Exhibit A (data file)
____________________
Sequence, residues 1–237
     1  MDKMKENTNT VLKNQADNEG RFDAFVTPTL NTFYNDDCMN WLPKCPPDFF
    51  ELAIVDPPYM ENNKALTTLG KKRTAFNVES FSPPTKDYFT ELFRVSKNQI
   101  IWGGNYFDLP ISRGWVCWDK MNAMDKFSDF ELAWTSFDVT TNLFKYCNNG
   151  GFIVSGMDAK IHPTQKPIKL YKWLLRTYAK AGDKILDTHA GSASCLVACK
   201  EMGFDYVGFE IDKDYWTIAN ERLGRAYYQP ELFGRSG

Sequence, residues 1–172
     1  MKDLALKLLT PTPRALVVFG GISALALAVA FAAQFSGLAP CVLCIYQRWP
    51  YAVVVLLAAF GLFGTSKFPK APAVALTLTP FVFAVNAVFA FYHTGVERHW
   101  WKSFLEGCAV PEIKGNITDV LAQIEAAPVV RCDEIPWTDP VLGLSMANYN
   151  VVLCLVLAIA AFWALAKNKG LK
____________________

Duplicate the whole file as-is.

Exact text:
Sequence, residues 1–237
     1  MDKMKENTNT VLKNQADNEG RFDAFVTPTL NTFYNDDCMN WLPKCPPDFF
    51  ELAIVDPPYM ENNKALTTLG KKRTAFNVES FSPPTKDYFT ELFRVSKNQI
   101  IWGGNYFDLP ISRGWVCWDK MNAMDKFSDF ELAWTSFDVT TNLFKYCNNG
   151  GFIVSGMDAK IHPTQKPIKL YKWLLRTYAK AGDKILDTHA GSASCLVACK
   201  EMGFDYVGFE IDKDYWTIAN ERLGRAYYQP ELFGRSG

Sequence, residues 1–172
     1  MKDLALKLLT PTPRALVVFG GISALALAVA FAAQFSGLAP CVLCIYQRWP
    51  YAVVVLLAAF GLFGTSKFPK APAVALTLTP FVFAVNAVFA FYHTGVERHW
   101  WKSFLEGCAV PEIKGNITDV LAQIEAAPVV RCDEIPWTDP VLGLSMANYN
   151  VVLCLVLAIA AFWALAKNKG LK